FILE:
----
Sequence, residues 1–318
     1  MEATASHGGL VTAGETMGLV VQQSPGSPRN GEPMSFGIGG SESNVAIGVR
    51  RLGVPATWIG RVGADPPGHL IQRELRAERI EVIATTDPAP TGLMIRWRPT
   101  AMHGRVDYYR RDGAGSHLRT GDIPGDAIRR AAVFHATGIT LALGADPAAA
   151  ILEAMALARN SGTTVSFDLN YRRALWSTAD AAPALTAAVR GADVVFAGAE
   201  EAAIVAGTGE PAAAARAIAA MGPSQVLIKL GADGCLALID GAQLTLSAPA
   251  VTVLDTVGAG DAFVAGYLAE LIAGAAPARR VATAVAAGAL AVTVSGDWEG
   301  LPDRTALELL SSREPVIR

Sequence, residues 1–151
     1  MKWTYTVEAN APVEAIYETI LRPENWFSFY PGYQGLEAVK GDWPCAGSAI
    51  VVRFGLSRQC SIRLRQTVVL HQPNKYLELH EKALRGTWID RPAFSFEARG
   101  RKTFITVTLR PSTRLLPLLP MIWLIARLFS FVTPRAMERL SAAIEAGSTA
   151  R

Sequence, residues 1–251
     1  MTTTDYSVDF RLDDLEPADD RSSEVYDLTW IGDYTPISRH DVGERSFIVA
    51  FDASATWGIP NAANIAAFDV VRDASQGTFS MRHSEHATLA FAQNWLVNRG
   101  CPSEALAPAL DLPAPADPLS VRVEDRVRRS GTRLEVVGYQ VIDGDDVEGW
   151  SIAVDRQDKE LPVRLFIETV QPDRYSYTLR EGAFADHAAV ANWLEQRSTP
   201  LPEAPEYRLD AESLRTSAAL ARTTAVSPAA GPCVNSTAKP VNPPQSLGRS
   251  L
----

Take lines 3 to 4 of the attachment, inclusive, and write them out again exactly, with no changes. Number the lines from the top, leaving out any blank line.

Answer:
    51  RLGVPATWIG RVGADPPGHL IQRELRAERI EVIATTDPAP TGLMIRWRPT
   101  AMHGRVDYYR RDGAGSHLRT GDIPGDAIRR AAVFHATGIT LALGADPAAA